Normally, I start answering: Do I use a limited max-width container or full-width responsive container?
Why this matter? Because in e-commerce for big screens (over 1600px) I can keep reorganizing element to fill the whole screen showing 5 or 6 columns of products. And in this case, I will need to design a wireframe/mockup for 4 sizes of screens and not for only 3.
When I'm using limited max-width container I used design for 3 sizes:
- Mobile (480px) I normally use 480px and make some guide lines for smaller screens like 320px to be certain that will fit for all.
- Desktop (998x, 1200px and 1980px) I normally use 1980px and make some guide lines for smaller screens like 998px and 1200px to be certain that will fit for all.
- Tablet (768px) I normally use 768px and make some guide lines for smaller screens like 520px to be certain that will fit for all.
As tablet normally has less access I design in the end.
To have a mobile-first, you should "forget" desktop and design mobile-first and then desktop.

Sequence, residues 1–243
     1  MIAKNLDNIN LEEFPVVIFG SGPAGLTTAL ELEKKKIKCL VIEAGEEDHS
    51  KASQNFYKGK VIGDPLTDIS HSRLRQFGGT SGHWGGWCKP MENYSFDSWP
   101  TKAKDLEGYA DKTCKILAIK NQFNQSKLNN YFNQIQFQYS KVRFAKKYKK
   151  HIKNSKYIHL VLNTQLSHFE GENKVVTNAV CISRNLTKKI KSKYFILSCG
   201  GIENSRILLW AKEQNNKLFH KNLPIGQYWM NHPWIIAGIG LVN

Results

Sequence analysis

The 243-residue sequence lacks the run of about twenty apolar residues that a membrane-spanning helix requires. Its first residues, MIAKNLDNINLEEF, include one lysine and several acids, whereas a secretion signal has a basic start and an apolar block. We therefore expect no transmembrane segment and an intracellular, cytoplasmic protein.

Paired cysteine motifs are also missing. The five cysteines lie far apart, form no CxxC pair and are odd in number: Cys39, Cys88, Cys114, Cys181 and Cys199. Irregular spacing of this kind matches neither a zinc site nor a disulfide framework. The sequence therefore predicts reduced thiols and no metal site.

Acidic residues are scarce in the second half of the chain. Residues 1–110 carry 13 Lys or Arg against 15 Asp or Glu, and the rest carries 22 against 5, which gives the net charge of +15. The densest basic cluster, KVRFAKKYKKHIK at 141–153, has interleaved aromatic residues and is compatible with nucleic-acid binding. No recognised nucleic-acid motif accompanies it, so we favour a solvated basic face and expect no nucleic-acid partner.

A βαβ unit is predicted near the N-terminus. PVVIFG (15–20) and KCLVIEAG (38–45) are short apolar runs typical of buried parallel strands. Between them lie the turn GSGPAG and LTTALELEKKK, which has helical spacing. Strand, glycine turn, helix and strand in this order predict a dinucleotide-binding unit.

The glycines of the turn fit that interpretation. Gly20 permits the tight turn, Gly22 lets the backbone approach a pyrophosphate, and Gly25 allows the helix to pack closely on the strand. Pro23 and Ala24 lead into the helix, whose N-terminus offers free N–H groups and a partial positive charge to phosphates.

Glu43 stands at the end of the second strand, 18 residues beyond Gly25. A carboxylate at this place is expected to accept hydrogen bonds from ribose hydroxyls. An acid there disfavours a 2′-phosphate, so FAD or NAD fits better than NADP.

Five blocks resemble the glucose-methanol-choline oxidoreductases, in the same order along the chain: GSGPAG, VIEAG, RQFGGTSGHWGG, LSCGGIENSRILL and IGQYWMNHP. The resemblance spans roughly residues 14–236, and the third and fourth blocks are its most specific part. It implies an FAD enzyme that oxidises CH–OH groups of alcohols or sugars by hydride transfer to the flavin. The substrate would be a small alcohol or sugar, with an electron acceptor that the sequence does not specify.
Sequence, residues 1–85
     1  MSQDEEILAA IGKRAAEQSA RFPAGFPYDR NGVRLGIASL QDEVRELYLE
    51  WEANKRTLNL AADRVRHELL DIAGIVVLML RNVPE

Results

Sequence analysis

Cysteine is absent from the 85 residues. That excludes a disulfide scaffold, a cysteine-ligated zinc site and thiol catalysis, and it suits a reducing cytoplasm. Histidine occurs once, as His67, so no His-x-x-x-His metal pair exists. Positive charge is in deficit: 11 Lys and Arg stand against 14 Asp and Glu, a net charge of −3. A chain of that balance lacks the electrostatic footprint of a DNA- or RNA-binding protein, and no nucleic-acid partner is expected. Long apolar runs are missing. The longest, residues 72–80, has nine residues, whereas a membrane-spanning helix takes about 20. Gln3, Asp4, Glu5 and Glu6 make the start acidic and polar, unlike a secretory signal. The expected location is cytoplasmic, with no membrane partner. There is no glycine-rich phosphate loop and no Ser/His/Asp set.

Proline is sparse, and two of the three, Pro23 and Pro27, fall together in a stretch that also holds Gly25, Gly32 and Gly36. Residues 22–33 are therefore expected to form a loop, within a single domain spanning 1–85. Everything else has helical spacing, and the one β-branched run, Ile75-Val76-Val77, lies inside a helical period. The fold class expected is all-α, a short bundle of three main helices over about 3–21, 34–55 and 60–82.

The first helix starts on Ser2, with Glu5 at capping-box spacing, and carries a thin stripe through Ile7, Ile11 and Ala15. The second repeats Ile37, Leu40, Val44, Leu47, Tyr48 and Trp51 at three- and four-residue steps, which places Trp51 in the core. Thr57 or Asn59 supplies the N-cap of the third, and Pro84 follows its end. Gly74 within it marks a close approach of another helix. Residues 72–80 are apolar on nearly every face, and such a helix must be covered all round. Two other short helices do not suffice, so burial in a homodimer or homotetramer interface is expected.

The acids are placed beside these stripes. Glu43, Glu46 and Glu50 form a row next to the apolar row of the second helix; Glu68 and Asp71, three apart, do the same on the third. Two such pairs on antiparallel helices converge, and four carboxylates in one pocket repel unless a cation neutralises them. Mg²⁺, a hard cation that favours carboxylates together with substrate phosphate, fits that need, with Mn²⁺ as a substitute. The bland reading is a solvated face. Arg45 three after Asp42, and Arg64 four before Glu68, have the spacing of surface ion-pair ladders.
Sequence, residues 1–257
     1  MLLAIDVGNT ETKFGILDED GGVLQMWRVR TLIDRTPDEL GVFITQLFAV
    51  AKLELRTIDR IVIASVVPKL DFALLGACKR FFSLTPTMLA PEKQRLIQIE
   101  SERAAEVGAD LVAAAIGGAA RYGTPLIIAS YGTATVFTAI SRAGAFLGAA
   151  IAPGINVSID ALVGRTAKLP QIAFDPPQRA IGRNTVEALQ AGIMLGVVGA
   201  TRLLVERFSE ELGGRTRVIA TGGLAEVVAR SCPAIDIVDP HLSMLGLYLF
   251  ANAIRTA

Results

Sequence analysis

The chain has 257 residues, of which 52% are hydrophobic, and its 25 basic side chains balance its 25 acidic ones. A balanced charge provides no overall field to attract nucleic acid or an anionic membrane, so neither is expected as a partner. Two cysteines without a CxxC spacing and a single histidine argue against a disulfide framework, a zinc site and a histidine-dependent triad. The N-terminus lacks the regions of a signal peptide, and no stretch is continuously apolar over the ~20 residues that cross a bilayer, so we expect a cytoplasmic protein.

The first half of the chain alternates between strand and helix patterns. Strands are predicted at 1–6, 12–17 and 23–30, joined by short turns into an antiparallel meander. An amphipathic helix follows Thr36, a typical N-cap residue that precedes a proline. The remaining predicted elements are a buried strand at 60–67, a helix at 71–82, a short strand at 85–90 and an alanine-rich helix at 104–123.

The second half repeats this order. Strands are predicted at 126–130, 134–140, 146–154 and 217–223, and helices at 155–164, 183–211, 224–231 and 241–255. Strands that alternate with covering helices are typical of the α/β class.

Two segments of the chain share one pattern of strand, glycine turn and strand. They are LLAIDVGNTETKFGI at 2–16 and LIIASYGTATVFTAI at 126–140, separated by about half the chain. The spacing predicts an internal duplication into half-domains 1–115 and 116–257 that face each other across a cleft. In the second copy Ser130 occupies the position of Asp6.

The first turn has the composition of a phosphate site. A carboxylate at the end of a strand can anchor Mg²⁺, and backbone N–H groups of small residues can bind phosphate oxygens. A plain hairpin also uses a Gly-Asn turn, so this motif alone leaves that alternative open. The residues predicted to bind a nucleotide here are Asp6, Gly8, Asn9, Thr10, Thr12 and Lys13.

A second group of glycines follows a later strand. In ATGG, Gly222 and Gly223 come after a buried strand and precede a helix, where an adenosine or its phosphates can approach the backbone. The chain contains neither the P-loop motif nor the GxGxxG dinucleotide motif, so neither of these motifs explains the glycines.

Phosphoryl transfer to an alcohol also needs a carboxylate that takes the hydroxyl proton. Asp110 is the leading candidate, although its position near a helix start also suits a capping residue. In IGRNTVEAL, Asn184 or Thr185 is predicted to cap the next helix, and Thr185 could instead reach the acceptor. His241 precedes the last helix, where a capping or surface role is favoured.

The most important thing is thinking how the elements will grow and adapt for each screen keeping the same user experience and the same components priority. You also must think on the clean code without so many breaks and for it as an ex-developer it's easy, but for designers with no code experience, I recommend to talk with developers with wireframes on hands to find the best and simple solution for each component.
See most common breakpoints simplified in an image. You also can search on the web a full list of screen size.
But the best way to define the standard breakpoints on your website if you already have traffic is going to analytics and get most used screen sizes like the image below: